How Hong Kong Is Betting on Nostalgia to Boost Its Box Office

Illustration by Ryan Olbrysh

With China and Hollywood dominating local screens, the city's storied film sector is hoping throwback crime epics can revive ticket sales.

The selection of Dante Lam’s military action hit Operation Red Sea to represent Hong Kong in the Oscars’ foreign-language film race should have come as a triumph. Instead, many local industry veterans believe the blockbuster’s selection showcases everything that is wrong with Hong Kong’s formerly vaunted film industry.

Co-produced by Beijing’s Bona Film Group and Hong Kong’s Emperor Motion Pictures, Operation Red Sea grossed a mammoth $579 million in mainland China, more than any film earned in a single territory outside of North America this year. But the movie’s premise — a propagandistic yarn celebrating Chinese military strength — mostly fell flat in director Lam’s hometown, where much of the former British colony’s population has grown wary of the incursion of Chinese control. In Hong Kong, Operation Red Sea earned $1.1 million.

The film’s selection for Oscar consideration — despite failing to find an audience at home — has thrown into sharp relief the paucity of local films from which Hong Kong had to choose. Merely 27 of the 186 films released in Hong Kong in the first six months of 2018 were categorized as locally made (and a great many of them were actually Hong Kong-China co-productions targeting the mainland market). During the summer, Hong Kong box office was up 16.9 percent compared with 2017, but only one local title cracked the top 10. (Meanwhile, Hollywood is happily filling the gap, with megahit The Avengers: Infinity War ranking No .1 for the year so far with a whopping $20 million collected during its two-month run.)

Still, Hong Kong filmmakers have faith — and proof — that the island's audience yearns for locally made films. The problem is there just aren’t enough of them being produced.

Men on the Dragon, the sole Hong Kong hit of the summer — it earned HK$15 million ($1.93 million) — tells a very local story about a group of middle-aged men who quest for glory in a dragon boat race.

“A lot of people in Hong Kong have told me they haven’t laughed as much at a Hong Kong comedy in a long time,” says Sunny Chan, the film’s writer-director. “They are of the opinion that many of the Hong Kong-China co-produced comedies, most of them dubbed from Mandarin, don’t hit the mark for them, as the jokes don’t have local resonance. Many expressed to me that they crave a good Hong Kong comedy, something that has been absent for quite some time.”

If local relevance is the key to attracting local support, one of the most common ways to cultivate it has been the pursuit of nostalgia. Edko Films has just announced Anita, a biopic making its market debut at AFM, about the life of the much beloved Cantonese pop songstress Anita Mui, who dominated the charts in the 1980s and ’90s before her death in 2003. Project Gutenberg, meanwhile, starring Hong Kong golden-age cinema hero Chow Yun-fat in a throwback role reminiscent of the characters of his greatest hits, was released in early October and grossed HK$21.3 million ($2.74 million) in just 10 days (and roughly $144 million in China to date).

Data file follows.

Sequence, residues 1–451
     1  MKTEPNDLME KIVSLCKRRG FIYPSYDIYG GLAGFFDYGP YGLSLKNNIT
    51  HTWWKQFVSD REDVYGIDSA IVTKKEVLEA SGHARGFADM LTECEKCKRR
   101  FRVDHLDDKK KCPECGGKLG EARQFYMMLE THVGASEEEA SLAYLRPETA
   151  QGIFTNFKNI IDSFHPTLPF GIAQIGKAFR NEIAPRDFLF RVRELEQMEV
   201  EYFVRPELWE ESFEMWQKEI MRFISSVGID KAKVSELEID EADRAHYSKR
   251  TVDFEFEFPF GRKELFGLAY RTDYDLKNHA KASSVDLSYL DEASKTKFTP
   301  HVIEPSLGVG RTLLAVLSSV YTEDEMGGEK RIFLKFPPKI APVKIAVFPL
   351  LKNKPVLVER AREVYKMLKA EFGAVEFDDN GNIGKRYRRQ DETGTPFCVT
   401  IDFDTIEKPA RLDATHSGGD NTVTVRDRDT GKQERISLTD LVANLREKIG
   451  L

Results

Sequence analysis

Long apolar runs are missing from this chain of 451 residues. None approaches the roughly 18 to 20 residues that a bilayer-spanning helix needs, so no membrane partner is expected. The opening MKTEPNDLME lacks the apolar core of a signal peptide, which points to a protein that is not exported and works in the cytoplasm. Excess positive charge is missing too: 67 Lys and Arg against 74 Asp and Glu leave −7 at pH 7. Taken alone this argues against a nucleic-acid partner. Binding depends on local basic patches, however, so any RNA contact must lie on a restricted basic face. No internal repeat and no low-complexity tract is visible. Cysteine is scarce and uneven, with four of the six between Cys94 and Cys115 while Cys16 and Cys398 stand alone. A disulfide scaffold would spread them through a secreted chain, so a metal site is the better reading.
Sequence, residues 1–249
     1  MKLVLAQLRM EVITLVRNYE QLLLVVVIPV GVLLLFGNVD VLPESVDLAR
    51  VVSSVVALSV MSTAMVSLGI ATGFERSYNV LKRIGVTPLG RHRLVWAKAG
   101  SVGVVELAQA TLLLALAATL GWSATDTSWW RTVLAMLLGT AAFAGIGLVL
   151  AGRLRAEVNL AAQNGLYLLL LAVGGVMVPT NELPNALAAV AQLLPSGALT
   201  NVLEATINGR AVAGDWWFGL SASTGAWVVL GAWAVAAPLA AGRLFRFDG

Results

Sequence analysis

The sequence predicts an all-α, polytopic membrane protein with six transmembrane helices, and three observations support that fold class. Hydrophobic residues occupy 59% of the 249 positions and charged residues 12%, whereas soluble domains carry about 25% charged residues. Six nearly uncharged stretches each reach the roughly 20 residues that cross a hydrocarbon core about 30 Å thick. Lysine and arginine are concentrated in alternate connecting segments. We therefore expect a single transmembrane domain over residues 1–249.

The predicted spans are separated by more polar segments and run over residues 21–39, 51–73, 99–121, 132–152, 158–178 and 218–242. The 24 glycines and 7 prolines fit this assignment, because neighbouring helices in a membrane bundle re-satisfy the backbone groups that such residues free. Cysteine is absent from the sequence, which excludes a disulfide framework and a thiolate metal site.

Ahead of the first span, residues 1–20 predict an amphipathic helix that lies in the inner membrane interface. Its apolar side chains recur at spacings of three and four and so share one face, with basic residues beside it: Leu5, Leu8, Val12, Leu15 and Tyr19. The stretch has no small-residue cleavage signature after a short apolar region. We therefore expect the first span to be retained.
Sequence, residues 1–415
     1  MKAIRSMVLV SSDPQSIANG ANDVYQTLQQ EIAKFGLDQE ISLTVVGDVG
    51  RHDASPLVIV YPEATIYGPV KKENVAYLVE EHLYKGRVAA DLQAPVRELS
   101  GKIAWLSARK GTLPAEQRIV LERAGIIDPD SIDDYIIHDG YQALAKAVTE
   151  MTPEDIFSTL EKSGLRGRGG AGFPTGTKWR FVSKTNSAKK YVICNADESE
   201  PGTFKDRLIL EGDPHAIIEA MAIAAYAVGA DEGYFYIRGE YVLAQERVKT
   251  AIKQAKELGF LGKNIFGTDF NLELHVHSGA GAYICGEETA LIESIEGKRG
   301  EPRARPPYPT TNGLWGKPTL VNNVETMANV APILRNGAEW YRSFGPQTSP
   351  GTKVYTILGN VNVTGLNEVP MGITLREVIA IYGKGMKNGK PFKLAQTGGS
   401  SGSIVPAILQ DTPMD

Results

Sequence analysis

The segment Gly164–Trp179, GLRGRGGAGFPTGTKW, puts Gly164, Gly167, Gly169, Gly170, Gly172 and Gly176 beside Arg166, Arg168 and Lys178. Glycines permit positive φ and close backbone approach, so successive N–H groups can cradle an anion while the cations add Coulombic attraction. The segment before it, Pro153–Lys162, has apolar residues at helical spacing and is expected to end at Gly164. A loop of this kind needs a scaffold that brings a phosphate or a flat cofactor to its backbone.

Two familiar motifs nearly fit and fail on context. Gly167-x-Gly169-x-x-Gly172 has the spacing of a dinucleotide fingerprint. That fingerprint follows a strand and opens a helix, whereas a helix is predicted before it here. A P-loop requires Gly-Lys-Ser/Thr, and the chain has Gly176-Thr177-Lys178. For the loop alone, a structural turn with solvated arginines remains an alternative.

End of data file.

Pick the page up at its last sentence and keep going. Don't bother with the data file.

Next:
“I want to continue the legacy of the Hong Kong commercial films that were thriving when I joined the industry,” says Chin Ka Lok, director and co-star of Golden Job, another throwback crime hit from this year. “Although I believe that we have to look forward and not just dwell on the past, I really hope there will be a more diversified output in the Hong Kong film industry.”

The pursuit of local relevance recently has produced one new current of diverse filmmaking in Hong Kong: smaller-scale, socially conscious films that principally target local audiences.

The predominant local crop of moviemaking can be summed up by the following titles: Little Big Master (about rural school life), Mad World (exploring mental illness and Hong Kong’s cramped living spaces), Tomorrow Is Another Day (probing local perceptions of autism), newly released Distinction (special needs children and the city’s education system) and the upcoming I’m Living It (about Hong Kong homeless people taking refuge in 24-hour fast-food restaurants).

“The market has become rather one-sided,” Chin notes. “The films about social ills, albeit valuable, cannot compete with Hollywood blockbusters."

He adds: “We used to excel at midrange commercial fare with budgets of about HK$30 million-HK$50 million ($3.9 million-$6.4 million), and I want to bring those back. For a market to be healthy, we have to have more diversity.”

To achieve heterogeneity and sustainability, quantity is fundamental. “We have to increase production,” says veteran producer John Chong, who recently returned to the prominent film studio he co-founded, Media Asia, to oversee production. “That will create more opportunities, not only for new directors but also for new actors and crewmembers behind the scenes.”

This story first appeared in The Hollywood Reporter's Nov. 1 daily issue at the American Film Market.